Hunh-- y'know, I wonder if this episode did in fact represent an intentional "Wagon Train to the Stars" aesthetic that Gene could use as an example to the producer-folk? "See, it's just what you guys were thinkin' of--!" Which would go a long way toward explaining the rather mundane, superficial aspects of the episode.


Karen said...

Happy 5-0 Colin! Welcome to the club!

In retrospect, this episode might have been a good one to air early in the series run, as its similarity to a Western might have been easier for much of the audience to 'buy' than some of the other, more 'far out' episodes. I agree though with everyone's assessments of its failings.

As Mike mentions, I too find myself over the years to have lost some respect for Roddenberry -'skeeved out' is as good a term as any! While I am grateful, believe me, extremely grateful, that Roddenberry had the idea for what would become Star Trek, there's no getting past the many stories about his lack of professionalism in certain areas, such as the extensive rewrites of the scripts, or the womanizing. Everyone has failings though and while the seamier stuff (and the constant desire to inject sex into Star Trek) is disturbing, the rewrites have both their pros and cons. While on one hand Roddenberry might be accused of tampering with the work of better writers, just to get a credit, he also knew the characters and their voices better than the freelancers brought in to do the work. So it can be argued either way. The carousing though...yeah, I just don't know. When we get to the introduction of Nurse Chapel and Majel Barrett we can discuss how Roddenberry got his mistress on the show. Ugh.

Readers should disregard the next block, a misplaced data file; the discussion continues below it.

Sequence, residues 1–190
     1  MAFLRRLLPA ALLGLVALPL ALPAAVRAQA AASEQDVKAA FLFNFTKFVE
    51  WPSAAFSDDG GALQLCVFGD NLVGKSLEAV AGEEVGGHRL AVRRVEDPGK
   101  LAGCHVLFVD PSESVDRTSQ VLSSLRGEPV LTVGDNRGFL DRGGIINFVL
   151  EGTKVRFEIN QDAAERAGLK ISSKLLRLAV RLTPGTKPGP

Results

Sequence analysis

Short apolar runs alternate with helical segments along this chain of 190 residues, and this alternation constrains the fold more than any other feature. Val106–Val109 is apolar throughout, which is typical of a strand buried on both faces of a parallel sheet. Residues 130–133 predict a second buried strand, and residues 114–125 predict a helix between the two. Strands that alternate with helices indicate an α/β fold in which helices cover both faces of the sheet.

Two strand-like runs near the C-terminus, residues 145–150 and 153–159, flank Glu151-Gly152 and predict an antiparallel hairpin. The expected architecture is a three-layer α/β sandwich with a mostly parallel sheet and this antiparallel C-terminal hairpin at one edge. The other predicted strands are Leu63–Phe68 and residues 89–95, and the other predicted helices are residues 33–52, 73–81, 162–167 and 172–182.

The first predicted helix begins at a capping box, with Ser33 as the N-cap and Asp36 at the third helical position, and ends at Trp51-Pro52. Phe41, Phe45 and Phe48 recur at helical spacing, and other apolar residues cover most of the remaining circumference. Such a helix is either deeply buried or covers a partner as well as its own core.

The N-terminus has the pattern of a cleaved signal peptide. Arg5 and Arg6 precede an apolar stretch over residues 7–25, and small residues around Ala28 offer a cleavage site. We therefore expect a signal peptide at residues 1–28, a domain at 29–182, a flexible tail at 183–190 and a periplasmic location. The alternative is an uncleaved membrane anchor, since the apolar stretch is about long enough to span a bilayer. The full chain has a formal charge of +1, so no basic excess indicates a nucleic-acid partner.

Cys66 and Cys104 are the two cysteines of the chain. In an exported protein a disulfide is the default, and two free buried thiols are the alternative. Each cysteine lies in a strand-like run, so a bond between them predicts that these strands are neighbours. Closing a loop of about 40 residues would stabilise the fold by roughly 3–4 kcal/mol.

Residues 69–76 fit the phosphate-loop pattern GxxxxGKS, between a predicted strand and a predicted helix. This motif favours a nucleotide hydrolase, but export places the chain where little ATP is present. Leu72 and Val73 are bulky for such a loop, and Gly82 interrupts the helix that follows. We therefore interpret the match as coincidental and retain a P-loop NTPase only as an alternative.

Karen said...

Now it looks like HB and I were thinking along the same lines!

Edo Bosnar said...

Hmm, Karen, I'm not at all an expert on the behind-the-scenes stuff, but weren't Roddenberry and Barrett already married by the time she was cast as Nurse Chapel?

Karen said...

Edo: nope.

I don't want to disparage Roddenberry; everyone makes their choices in life, and I have no idea what his marriage was like, or why he may have been involved with women outside his marriage. It's all third-hand stories basically. But boy, there seem to be a lot of them. It's just one of those things, especially the 'casting couch' rumors, that make me feel a little queasy. But as I get older, I find the only real heroes I have any more are the ones in the pages of the comics. Everyone else is just human.

david_b said...

Much agreed on most comments.., yes Gene married Majel after the original series concluded. Either the lighting or the make-up, but I always felt everyone looked a bit 'greasy' in this episode.

As mentioned, it was the 'sign of the times', and this was a contender for it's premiere episode (specifically for the 'wagon train' feel..), but glad it lost out to 'The ManTrap'.

When there's 'so-so' or bad episodes, I always strive to look at the subplots of the stories, or other stuff of interest. For example, for 3rd Season episodes, when the planet-side story was dumb or silly, usually Nimoy and Doohan had great exchanges on the ship so I tend to focus more on that (ie, 'That Which Survives', and so on..). In these early ones, I look at Shatner and early glimpses at his humor as Kirk, which Gene Coon definitely brought more out in the 2nd year.